Pavement road markers generally include a base and a light source or reflector on the base. The base is mounted in a recess in the road and held thereto, for example, by epoxy. The bases usually include a reflector support surface and a series of locators or buttons extending from the lateral edge thereof. The bottom surface of the locators engages the top surface of the roadway to position the reflector support surface at a given distance below the top surface of the roadway. The locators are an integral part of the base which is generally a cast of iron material. Such a road marker is illustrated in U.S. Pat. No. 5,454,664 to Siblik.
 One of the problems experienced by all road markers is that they are damaged and/or ejected from the recess in the road surface by continual forces applied by snowplow blades or other snow removal equipment. Typically, the adhesive epoxy will secure the base to a recess in the road and forms a stronger bond with the base than it does with the road. Thus, they move as a unit and the bond between the epoxy and the road is broken. Once this bond is broken, further impact from snowplows or other snow removal devices will eject the road marker from the recess in the roadway.
 It has also been noticed that there are times that the epoxy does not form a good bond with the base and therefore provides a gap which is increased when forces are applied from a plow or other sources.
 Also, with the present design bases, water collects on the base around the reflector creating what is known in the industry as “ponding.” Once the evaporation process begins, any residue collects on all surfaces of the casting as well as the reflector. The residue that dries along the portions of the reflector reduces visibility or reflectivity and the functional performance of the unit. The natural “tire wiping” action from the vehicles does remove the upper portion of the residue, but cannot remove the lower portion of the residue from the reflective lens. This residue could represent up to 50% of the reflector surface.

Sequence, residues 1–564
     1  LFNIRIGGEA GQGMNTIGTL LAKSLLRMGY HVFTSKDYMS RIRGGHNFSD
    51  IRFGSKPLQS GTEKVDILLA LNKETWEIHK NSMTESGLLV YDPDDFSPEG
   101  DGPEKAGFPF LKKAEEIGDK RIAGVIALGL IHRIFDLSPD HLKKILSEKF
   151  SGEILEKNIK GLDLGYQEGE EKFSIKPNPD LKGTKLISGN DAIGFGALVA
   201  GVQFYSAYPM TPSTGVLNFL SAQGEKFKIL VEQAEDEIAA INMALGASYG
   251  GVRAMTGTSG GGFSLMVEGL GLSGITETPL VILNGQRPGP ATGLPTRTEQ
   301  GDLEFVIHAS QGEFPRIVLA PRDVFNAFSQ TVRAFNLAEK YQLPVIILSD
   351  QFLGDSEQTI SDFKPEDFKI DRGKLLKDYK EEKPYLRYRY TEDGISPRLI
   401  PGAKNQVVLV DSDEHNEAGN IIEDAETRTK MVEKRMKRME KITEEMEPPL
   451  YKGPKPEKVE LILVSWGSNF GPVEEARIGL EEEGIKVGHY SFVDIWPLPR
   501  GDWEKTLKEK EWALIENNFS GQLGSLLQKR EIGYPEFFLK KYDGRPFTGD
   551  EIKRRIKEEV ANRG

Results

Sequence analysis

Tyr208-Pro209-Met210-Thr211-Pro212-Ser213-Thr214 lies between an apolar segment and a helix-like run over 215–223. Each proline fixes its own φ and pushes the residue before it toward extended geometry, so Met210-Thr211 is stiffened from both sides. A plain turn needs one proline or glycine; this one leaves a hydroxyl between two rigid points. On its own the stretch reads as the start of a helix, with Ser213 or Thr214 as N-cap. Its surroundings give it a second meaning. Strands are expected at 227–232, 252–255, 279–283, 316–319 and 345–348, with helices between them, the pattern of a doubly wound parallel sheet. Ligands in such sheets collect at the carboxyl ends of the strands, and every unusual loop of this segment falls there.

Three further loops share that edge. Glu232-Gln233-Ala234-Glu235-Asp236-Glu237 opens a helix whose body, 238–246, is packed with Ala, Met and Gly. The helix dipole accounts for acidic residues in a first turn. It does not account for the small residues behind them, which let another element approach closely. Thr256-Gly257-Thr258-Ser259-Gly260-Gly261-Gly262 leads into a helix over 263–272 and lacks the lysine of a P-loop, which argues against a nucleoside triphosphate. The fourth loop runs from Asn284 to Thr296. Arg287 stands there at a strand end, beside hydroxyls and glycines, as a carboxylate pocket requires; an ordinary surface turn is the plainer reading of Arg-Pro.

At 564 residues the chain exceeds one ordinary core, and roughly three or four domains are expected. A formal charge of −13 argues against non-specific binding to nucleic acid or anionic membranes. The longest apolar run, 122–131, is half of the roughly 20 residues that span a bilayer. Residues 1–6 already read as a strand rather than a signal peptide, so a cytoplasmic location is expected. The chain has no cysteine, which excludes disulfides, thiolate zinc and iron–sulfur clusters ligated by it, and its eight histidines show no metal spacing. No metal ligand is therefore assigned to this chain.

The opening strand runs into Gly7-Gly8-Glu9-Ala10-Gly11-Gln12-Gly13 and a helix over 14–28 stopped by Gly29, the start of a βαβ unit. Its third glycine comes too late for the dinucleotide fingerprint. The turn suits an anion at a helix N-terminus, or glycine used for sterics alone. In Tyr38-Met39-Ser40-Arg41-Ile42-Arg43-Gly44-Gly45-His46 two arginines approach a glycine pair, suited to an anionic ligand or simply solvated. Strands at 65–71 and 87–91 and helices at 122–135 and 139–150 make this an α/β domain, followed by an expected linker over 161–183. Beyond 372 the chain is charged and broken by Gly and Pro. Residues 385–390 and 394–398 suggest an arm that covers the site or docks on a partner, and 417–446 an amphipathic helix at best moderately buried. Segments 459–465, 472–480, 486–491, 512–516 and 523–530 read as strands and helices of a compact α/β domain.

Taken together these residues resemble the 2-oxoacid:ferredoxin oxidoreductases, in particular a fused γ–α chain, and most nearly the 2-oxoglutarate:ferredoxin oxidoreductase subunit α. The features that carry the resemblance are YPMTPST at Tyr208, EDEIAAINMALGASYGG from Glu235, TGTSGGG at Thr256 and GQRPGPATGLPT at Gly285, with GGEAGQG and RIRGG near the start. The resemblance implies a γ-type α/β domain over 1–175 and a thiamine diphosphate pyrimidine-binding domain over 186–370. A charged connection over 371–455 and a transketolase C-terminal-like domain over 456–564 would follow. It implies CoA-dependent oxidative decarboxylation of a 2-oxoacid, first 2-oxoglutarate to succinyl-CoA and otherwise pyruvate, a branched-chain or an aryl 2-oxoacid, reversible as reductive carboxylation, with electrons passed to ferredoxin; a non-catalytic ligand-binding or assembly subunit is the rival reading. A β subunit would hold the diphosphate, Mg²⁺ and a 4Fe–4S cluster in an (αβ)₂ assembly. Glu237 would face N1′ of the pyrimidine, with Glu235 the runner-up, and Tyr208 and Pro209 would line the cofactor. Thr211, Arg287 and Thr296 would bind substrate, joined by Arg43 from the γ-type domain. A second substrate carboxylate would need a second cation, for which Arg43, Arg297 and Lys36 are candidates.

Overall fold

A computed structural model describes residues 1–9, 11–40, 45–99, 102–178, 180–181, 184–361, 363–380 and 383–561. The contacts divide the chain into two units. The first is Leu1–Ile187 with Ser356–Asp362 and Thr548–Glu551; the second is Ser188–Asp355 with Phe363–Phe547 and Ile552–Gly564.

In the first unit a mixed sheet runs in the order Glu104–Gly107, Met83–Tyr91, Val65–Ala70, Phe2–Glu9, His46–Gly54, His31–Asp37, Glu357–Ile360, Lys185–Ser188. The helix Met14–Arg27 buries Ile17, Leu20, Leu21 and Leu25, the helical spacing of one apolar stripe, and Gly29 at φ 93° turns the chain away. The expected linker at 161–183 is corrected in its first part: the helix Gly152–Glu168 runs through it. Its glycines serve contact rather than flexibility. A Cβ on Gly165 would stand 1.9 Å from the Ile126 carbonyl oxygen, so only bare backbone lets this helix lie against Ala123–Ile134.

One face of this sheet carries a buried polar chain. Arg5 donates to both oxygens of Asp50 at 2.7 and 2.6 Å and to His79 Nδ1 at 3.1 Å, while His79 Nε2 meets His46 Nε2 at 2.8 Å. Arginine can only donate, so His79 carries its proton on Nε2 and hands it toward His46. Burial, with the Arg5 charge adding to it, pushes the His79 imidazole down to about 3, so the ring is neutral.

The vast majority of snow plowable raised pavement markers are made of iron heat treated to withstand the impact and abrasion of the plows running over their surfaces. The heat treat process performed does not protect the surfaces of the casting from rusting. Reflectors are mounted in recessed areas to protect them from damage but still allowing visibility once installed. Immediately after installation, the complete outer surface of the casting begins to rust (oxidize).
 Any rust between the casting and epoxy used to install the marker in the roadway will not allow the correct or necessary bond between the casting and the epoxy. Even after installation, any impact that would cause a “seal break” will allow the rust process to begin and further contaminate the security of the bond.
 The moisture collects in the casting up to the actual road level. This moisture accelerates the rust process and once the evaporation process begins, the residue from the rust collects on all surfaces of the casting as well as the reflector. This is another source of the reduced reflectivity.
 The present invention recognizes that one of the sources of both of these problems is rust or oxidation. A road marker of the present invention includes a metallic base for mounting on a road and a light transmitter mounted on the base to transmit light or reflect vehicle lights traveling on the road. An oxidation inhibiting coating is provided on the base. The base may be a cast heat treated metal for example iron or steel or may be aluminum for example.
 The coating may be plated on the base. The coating may be zinc. The coating may also be between the reflector and the base.
 A method of forming a road marker including a metallic base and a light transmitter, includes coating the metallic base with an oxidation inhibiting layer; and mounting the light transmitter on the base. The coating is performed before the mounting. The coating may be a plating.
 These and other aspects of the present invention will become apparent from the following detailed description of the invention, when considered in conjunction with accompanying drawings.
 The present application claims the benefit of U.S. Provisional Application Ser. No. 60/326,982 filed Oct. 5, 2001, which is incorporated herein by reference.